consumers provide to themselves and others; Stern’s proposals are worth
examining empirically in future research.
To probe the core and supporting propositions of the theory, the present
article includes an examination of case study data. To control against
social desirability bias (Fisher, 1993) and self-generated validity and other
effects of measurement on belief, attitude, and behavior (Feldman & Lynch,
1988), the case study research includes searching for unsolicited Weblog
consumer self-reports of stories reflecting brands causing inciting
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incidents (cf., Holt’s 2002 report on why brands cause trouble) or brands
enabling consumers to enact myths (i.e., iconic brands). The findings
include strong evidence to support the theory; the findings and the theory
are useful for increasing an understanding of how consumers cope and
solve dilemmas found in the contexts of everyday and unique situations
that they encounter. Two marketing strategy implications that follow
naturally from this research include (1) creating new dramas that build
on real-life self-reports of lived experiences with brand icons and (2)
practicing-to-improve brand icon stories to aid consumers in uncon-
sciously and consciously enacting archetypes via experiences with brands.
CONSUMER STORYTELLING THEORY AND RESEARCH
PROPOSITIONS
Several propositions follow from the discussion of consumer storytelling
theory that extends Escalas’ (2004) general hypothesis that the structure
of word-of-mouth communication is usually organized as a story. These
additional propositions include the following components of consumer
storytelling theory.
P1: Narrative storytelling on purchasing/consumption requires a
protagonist consumer to experience an “inciting incident” (McKee, 2003)
that focuses her attention and results in action in response to this incident.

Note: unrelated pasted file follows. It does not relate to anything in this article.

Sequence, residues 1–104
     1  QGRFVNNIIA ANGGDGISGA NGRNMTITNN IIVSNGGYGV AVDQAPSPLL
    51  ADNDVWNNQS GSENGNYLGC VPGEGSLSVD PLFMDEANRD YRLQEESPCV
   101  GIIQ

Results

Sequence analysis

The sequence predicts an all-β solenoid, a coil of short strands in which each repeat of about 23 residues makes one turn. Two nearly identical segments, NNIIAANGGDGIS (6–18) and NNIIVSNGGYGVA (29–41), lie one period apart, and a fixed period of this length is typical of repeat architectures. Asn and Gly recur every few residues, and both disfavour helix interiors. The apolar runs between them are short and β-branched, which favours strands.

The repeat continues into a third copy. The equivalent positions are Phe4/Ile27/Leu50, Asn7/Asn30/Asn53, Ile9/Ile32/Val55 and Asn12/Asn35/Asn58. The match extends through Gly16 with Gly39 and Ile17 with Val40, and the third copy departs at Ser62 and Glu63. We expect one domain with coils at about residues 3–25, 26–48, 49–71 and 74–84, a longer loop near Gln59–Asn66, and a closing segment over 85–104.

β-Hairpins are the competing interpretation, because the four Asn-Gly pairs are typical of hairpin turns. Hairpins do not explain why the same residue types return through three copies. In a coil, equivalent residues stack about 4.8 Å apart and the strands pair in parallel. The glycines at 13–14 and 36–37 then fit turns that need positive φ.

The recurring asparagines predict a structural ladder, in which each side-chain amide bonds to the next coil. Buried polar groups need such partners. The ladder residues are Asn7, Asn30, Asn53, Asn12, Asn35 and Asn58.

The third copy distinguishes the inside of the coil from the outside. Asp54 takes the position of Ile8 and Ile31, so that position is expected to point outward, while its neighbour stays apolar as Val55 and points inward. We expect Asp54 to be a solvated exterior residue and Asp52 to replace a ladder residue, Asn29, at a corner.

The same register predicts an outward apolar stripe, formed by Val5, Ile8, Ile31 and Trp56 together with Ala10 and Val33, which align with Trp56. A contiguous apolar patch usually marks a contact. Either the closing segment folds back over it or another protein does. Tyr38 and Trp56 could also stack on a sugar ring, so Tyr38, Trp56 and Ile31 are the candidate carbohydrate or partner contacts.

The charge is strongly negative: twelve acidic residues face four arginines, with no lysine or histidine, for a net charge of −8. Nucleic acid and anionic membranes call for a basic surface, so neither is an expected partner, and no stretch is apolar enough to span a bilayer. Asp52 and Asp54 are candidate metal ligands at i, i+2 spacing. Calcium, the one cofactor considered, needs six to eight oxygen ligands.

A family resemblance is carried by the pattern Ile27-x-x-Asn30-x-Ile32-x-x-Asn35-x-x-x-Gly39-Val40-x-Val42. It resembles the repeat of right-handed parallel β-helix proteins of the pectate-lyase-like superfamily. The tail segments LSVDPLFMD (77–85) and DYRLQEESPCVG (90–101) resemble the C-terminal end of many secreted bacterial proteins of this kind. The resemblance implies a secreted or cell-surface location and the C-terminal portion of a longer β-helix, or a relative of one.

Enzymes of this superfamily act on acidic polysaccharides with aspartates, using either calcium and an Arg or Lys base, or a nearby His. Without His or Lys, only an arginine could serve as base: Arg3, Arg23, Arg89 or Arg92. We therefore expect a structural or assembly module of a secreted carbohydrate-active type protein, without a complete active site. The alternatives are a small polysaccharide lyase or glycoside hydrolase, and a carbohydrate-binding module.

P2: Consumer storytelling theory extends beyond highly risky
consumption acts to the more mundane and improvisational presenta-
tions-of-self (to oneself and others) in everyday life. P3: Consumption
stories protagonists tell about themselves consciously and/or unconsciously
often match the plot lines scripted by brand controllers (e.g., Nike’s myth
of individual achievement through perseverance) or by deep-seated, “hard-
wired” (see Hirschman, 2000b; Rapaille, 2005) cultural archetypal myths.
P4: Consumers’ presentations-of-self storytelling presents a protagonist
engaging in actions to achieve goals. P5: These stories inform the listener
or reader about conscious and/or unconscious thoughts of the protagonist
and other actors. P6: These stories frequently describe epiphanic personal
realizations and changes that occur in the life of the protagonist.
P7: The story informs how events involving the protagonist take place.
P8: The stories frequently include a second inciting event (a crisis or
turning point) involving the protagonist, along with a beginning inciting
incident and a resolution. P9:The stories present the protagonist in clear-
cut situations. P10:The storytellers frequently provide a lesson learned—
a gloss/gist of wisdom—in a sense-making summary comment in the
closing or opening emic interpretation to the story.
Figure 1 shows some of these 10 propositions visually. Figure 1 is the